Drone strike against ‘ISIS-K Planner’ killed former U.S. aid worker instead: Report

The last missile the U.S. fired in Afghanistan reportedly hit former U.S. aid worker Zemari Ahmadi who was loading water containers into his car, not explosives, per a New York Times investigation.

“Evidence suggests that his travels that day actually involved transporting colleagues to and from work. And an analysis of video feeds showed that what the military may have seen was Mr. Ahmadi and a colleague loading canisters of water into his trunk to bring home to his family,” reads the report.

This new information, casting doubt on former accounts of the strike, which was said to have killed an “ISIS-K Planner,” was gleaned from interviews with Ahmadi’s coworkers and family in Kabul and analysis of video footage of Ahmadi’s activities the day of the strike. 

The Biden administration continues to maintain that the so-called “righteous strike” was a legitimate hit. However, many Americans have questioned why the administration has continually refused to release the target’s name.

Top military officials have said the driver’s identity was unconfirmed at the time of the strike, and the man was targeted due to “suspicious” behavior throughout the course of the day. 

The driver was previously thought to have visited an ISIS safe house and loaded what looked like explosives into his car. The new NYT analysis of video footage of the target that day suggests that the man’s activities during the course of the day included driving colleagues to and from work and loading water canisters into his car to bring drinking water home to his family.

Ahmadi, a 43-year-old electrical engineer, reportedly received a call from his boss in the morning, asking him to pick up his laptop on his way to the office. When he left the house, he was driving a white Corolla belonging to his employer, Nutrition and Education International, a California-based aid group. His vehicle was similar to a car that ISIS-K used to carry out a rocket attack against the airport the following day, possibly adding to the identity confusion.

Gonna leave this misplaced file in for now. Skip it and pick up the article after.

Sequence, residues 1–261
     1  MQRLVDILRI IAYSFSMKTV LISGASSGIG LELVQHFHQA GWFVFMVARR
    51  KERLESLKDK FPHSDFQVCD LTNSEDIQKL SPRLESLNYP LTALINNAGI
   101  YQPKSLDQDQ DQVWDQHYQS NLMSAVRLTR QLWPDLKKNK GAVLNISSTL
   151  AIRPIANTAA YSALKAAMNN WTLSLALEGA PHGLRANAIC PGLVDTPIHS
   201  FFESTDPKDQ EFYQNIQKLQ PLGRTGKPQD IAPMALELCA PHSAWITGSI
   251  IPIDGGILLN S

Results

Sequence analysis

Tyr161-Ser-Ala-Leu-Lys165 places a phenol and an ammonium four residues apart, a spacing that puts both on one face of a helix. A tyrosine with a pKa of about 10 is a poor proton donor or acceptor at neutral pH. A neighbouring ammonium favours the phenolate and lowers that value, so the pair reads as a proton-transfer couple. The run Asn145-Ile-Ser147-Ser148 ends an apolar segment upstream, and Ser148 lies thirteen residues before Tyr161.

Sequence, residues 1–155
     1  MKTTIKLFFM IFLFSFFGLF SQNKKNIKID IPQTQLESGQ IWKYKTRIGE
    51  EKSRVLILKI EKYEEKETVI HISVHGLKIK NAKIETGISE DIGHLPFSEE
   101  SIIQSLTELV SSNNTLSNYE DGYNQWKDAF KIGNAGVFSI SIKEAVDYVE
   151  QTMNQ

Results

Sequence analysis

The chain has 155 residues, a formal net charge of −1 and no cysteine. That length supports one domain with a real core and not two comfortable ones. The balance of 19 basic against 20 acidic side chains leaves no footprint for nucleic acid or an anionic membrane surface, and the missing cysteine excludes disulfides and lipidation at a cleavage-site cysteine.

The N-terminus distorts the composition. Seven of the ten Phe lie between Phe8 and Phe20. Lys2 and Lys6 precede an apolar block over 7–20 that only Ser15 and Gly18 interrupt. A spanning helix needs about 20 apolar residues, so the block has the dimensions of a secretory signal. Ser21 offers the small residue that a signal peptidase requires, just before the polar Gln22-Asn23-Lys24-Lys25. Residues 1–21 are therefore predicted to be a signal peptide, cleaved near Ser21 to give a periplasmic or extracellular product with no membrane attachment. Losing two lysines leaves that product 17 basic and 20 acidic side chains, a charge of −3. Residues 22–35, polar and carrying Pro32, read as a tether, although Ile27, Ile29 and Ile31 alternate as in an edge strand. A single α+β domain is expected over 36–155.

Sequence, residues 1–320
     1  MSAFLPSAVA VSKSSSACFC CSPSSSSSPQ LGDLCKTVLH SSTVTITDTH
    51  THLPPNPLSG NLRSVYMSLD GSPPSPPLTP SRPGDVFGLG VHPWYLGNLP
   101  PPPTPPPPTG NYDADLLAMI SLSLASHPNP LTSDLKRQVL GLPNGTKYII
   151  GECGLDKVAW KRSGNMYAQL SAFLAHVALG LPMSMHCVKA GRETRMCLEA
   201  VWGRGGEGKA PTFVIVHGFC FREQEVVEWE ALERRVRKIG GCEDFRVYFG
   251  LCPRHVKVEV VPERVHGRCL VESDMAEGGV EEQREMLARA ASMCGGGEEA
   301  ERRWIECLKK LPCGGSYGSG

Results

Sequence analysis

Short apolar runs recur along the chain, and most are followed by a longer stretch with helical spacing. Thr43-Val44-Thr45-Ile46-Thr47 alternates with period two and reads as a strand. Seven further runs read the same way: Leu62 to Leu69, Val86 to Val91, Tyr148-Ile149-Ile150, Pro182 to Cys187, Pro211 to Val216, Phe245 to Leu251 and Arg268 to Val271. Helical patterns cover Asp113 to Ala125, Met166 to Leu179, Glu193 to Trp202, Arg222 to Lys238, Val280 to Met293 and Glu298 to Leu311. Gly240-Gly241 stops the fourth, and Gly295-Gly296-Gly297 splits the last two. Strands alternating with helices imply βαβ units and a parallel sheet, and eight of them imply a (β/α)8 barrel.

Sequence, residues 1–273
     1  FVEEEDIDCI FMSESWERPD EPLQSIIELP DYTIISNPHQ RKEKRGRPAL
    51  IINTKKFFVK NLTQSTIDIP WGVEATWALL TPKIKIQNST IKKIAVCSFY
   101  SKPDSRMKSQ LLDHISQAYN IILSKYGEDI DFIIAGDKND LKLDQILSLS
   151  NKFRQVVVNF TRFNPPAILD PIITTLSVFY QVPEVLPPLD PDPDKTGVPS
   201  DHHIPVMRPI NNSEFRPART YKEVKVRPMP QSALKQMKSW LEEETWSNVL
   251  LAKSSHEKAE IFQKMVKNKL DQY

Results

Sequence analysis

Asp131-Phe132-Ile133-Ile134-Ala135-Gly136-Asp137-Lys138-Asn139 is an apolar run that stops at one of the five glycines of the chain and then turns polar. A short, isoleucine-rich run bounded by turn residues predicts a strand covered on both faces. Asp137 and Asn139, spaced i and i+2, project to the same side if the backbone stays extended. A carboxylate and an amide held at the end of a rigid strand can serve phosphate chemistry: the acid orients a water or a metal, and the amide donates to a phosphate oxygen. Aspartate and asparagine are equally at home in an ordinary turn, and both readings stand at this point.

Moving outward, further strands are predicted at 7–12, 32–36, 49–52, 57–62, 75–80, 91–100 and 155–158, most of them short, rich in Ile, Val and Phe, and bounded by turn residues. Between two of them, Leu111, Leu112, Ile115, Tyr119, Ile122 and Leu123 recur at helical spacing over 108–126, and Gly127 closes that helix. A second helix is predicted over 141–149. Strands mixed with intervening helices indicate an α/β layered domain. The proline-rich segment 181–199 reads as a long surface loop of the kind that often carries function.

An MQ-9 Reaper drone started following Ahmadi. Later in the day, after transporting some coworkers, he reportedly filled water containers out of a hose at his office since water deliveries to his neighborhood had ceased.

“I filled the containers myself and helped him load them into the trunk,” a guard said.

Military officials determined that Ahmadi’s vehicle and its contents posed a threat to the airport safety and decided to strike even though they knew little about his identity.

Their incorrect assessment that the strike would not result in other deaths was catastrophic. Ahmadi’s family has reported that ten deaths, including seven children, occurred due to the strike.

“It seriously questions the credibility of the intelligence or technology utilized to determine this was a legitimate target,” said Chris Cobb-Smith, a British Army veteran and security consultant.

Military officials have cited another “larger” explosion following the drone strike as confirmation of the presence of explosives in the car. Still, expert analysis of the evidence indicates only one explosion occurred—the absence of destroyed vegetation, walls, and gate point to there being only a single shockwave. 

Ahmadi was waiting on his application for refugee resettlement in the United States at the time of the strike.